With the exception of the trees next door, which have grown considerably larger, not much has changed about the apartment where filmmaker Mikhail Zheleznikov grew up. After 37 years, Zheleznikov still looks out the same window from the same house. He still lives together with his mother, and has only exchanged his childhood room for the larger one that he now shares with his wife. Using a poetic collection of school pictures, news footage, and 8mm home movies, Zheleznikov takes stock of his childhood in the USSR and post-Soviet St. Petersburg. He remarks how as an overprotected preschooler, he was transformed from the egotistical ‘I’ to the socialist ‘we.’ Slowly but surely, Zheleznikov discovered that the image of the world that was fed to him did not always add up. The USSR collapsed in 1991, and completely in keeping with the times, Zheleznikov emerged as a businessman, cell phone and all. While looking at pictures from a time when he was rather miserable, he remarks how nice it all looked, and he lets the old home movies convince him that maybe he was actually happy back then.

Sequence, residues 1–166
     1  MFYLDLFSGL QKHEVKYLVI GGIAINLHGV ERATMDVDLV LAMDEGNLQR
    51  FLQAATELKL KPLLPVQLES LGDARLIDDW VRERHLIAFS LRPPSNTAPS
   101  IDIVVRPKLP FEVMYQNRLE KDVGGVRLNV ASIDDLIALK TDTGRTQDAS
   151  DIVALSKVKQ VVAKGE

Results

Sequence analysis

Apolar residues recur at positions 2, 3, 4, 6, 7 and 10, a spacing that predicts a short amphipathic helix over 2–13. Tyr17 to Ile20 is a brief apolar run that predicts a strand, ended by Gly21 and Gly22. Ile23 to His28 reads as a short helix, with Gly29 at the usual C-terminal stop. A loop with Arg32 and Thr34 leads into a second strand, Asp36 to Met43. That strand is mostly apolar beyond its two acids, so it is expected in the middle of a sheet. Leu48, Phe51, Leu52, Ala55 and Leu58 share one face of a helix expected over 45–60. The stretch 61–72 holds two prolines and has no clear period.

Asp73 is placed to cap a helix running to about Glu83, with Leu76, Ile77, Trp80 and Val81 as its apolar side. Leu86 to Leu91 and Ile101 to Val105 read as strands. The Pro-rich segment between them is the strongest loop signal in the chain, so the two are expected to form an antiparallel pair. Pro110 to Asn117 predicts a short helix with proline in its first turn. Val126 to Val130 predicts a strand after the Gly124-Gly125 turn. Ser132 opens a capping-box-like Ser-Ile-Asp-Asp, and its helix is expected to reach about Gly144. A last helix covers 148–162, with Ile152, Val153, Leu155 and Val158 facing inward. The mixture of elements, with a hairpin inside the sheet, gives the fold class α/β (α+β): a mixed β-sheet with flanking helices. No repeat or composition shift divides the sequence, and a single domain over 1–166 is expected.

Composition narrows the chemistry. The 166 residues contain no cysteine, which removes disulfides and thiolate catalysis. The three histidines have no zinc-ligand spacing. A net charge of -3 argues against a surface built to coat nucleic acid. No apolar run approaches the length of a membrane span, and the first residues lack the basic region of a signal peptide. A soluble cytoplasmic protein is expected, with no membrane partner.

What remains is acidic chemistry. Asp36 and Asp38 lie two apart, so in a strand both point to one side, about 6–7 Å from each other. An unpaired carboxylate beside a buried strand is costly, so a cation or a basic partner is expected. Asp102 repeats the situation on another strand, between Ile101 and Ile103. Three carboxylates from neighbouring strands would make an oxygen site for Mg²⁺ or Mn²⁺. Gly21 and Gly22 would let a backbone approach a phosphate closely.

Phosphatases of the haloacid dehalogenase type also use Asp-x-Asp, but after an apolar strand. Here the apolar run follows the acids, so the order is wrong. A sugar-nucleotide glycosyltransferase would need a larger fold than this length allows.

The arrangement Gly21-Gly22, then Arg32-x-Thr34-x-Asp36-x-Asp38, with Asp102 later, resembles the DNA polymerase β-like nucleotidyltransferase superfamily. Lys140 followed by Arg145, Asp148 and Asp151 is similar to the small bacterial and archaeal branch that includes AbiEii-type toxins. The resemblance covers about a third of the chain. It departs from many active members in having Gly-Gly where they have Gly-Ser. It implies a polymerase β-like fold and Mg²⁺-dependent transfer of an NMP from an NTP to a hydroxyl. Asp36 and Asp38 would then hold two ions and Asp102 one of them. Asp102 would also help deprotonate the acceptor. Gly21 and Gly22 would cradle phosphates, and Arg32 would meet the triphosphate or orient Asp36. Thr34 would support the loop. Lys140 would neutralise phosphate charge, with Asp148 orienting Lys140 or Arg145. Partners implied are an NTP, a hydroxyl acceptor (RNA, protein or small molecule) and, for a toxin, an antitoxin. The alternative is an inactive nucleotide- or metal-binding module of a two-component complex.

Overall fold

Mikhail Zheleznikov was born in Leningrad in 1972. Made films for ARTE and YLE, Corona Films, Saint-Petersburg Documentary Film Studio. Filmography: ‘Something in the Air’ (2001), ‘Tales on the Marshes’ (2002), ‘Lara, Her Dogness’ (2003), ‘Children Of The Corn’ (2004), ‘The Flock’ (2004), ‘Good Morning!’ (2005), ‘Collection No1’ (2006), ‘Timewarp’ (2008), ‘Booths’ (2008).
Dlia Domashnego Prosmotra
2009, 30', video
Dmitry Frolov, Solmaz Guseynova